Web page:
• The ejector pins should be placed in parts such as the steps, metal insert, pillars, and thick parts.
  • The pin should be positioned where the ejection force is large i.e. near the core or the rib 
  • The ejector pin should be placed on a flat surface versus steps or slopes as the latter reduces the ability to support the molded parts’ stress.

How to minimize the occurrence of Ejector Pin Marks?

The occurrence of ejector pin marks can be mitigated by the implementation of the following approaches:

  • Reduce the injection pressure. 
  • Reduce the dwell time.
  • The amount of melt injected into the mold can be limited.
  • Control the mold temperature to enable uniform cooling
  • Extend the cooling time. This helps to enable uniform cooling in the mold.
  • Ensure that the mold cavity surface is smooth. 
  • Increase the draft angle to remove the part easily from the mold.

Injection Molding Design Considerations

ejector pins design considerations

Uniform Wall Thickness

When the wall thickness is uniform, the molten resin flows freely and fills the cavity as per the defined shape. If the mold walls aren’t uniform, the thinner sections will cool faster than the thicker sections leading to stress concentration, and shrinking which eventually leads to the cracking of parts during ejection.

Draft Angles

The draft angle is a slant in shape and is applied to both sides of an injection mold. Its slight distortion in the mold enables efficient removal of the finished part from the mold.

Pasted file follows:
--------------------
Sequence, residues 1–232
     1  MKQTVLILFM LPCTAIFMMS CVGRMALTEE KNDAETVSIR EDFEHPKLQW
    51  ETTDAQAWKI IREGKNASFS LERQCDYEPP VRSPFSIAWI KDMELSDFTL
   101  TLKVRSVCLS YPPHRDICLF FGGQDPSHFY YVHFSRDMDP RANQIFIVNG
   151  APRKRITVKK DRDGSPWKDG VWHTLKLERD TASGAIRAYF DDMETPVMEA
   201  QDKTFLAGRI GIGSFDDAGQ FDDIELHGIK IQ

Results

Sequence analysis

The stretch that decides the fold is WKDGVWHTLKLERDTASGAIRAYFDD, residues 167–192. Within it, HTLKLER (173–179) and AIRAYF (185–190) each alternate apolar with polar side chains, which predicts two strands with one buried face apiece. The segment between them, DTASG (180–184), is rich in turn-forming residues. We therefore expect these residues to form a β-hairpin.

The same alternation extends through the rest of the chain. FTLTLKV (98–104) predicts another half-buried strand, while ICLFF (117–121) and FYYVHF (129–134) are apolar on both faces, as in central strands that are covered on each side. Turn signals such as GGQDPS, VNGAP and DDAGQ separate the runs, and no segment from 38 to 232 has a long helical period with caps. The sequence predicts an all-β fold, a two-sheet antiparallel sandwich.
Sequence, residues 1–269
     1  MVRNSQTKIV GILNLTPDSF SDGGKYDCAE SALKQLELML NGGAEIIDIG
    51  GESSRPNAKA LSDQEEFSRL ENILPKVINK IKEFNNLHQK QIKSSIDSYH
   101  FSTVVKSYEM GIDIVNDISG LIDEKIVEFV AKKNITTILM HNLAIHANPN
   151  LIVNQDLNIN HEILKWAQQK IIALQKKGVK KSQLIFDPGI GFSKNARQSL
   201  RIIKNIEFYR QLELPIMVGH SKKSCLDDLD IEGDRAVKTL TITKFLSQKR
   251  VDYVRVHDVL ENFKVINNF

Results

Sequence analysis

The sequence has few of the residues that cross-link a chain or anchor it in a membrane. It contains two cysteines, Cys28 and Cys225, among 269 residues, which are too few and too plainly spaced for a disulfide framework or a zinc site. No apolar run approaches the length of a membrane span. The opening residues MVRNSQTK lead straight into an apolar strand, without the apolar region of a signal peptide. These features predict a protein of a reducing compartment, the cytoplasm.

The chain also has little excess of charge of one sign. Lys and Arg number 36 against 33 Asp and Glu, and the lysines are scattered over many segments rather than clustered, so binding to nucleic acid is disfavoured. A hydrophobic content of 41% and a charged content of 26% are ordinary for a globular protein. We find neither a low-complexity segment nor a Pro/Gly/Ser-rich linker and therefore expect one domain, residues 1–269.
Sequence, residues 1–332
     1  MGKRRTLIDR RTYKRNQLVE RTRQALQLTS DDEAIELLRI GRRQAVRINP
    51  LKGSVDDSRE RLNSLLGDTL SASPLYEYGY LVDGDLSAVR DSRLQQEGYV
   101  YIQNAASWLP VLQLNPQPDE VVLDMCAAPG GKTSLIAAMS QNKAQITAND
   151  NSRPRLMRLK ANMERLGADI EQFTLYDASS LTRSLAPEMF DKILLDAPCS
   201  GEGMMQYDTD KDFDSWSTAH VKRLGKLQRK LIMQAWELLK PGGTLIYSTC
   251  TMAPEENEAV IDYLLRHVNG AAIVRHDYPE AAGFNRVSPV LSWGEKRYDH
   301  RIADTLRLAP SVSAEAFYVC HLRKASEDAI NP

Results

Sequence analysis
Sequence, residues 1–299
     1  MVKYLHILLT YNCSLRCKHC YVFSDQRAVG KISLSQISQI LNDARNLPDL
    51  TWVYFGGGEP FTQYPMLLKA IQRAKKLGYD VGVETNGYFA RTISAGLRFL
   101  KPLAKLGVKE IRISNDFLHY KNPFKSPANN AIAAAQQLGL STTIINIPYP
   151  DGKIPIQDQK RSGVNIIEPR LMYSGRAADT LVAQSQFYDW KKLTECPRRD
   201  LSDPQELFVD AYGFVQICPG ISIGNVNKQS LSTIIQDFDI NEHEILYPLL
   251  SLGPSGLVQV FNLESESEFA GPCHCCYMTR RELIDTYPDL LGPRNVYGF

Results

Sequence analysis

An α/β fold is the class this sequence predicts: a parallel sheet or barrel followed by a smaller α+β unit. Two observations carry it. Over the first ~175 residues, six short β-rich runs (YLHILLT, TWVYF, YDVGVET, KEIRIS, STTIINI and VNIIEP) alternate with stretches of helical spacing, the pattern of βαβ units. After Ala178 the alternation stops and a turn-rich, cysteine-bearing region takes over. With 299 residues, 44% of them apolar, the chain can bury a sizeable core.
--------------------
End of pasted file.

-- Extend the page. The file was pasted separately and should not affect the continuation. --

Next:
Draft angles help to provide resistance against friction during part ejection. If the draft angles are not included, then the ejector pin marks on the part can be enlarged.

Round Edges

You should note that sharp corners limit the plastic flow and are also difficult to remove whereas round edges on the inside and outside of the part reduce stress concentration and prevent the part from cracking.

Reduce Undercuts

Undercuts are protruding features that are necessary in the mold design. They prevent direct ejection of the part from the mold. 

Though undercuts are unavoidable, the design team should try to reduce the number of undercuts in an ejection system. They can also be remedied by creating interlocks or latches that enable easy removal of the part.

Gate Locations

Gates are the points through which the molten resin enters the mold and upon cooling, the ejector pin can push off the resulting pin mark from the gate. Thus, the gates leave a pin mark, which is visible even after dent removal. 

This can be remedied by using an edge gate, where the dents are less noticeable.

Resin Type

The type of resin affects the pin size and its placement. Some materials are stickier or thicker while others require more force to release from the mold. If some resins are flexible, then others are hard or brittle. 

The material type is largely dependent upon the design and function of the part. 

You should also note that ejector pins aren’t used for parts made from liquid silicone rubber. LSR parts are manually removed from the molds.

Part Shape

Ejector pins require a flat area to push against. You should note that slants and curves can cause problems in the placement of ejector pins; thus, the surface must be perpendicular to the direction of pin movement.

Contact Us

Ejector pins are designed to efficiently remove the molded part from the cavity. There are several types of ejector pins and choosing the right one can be daunting.
If you’re interested in utilizing ejector pins for your mold, we can help you design the mold correctly to include the ejection solution for your part and budget! At VEM Tooling, we have more than 20 years of experience with plastic injection molding services.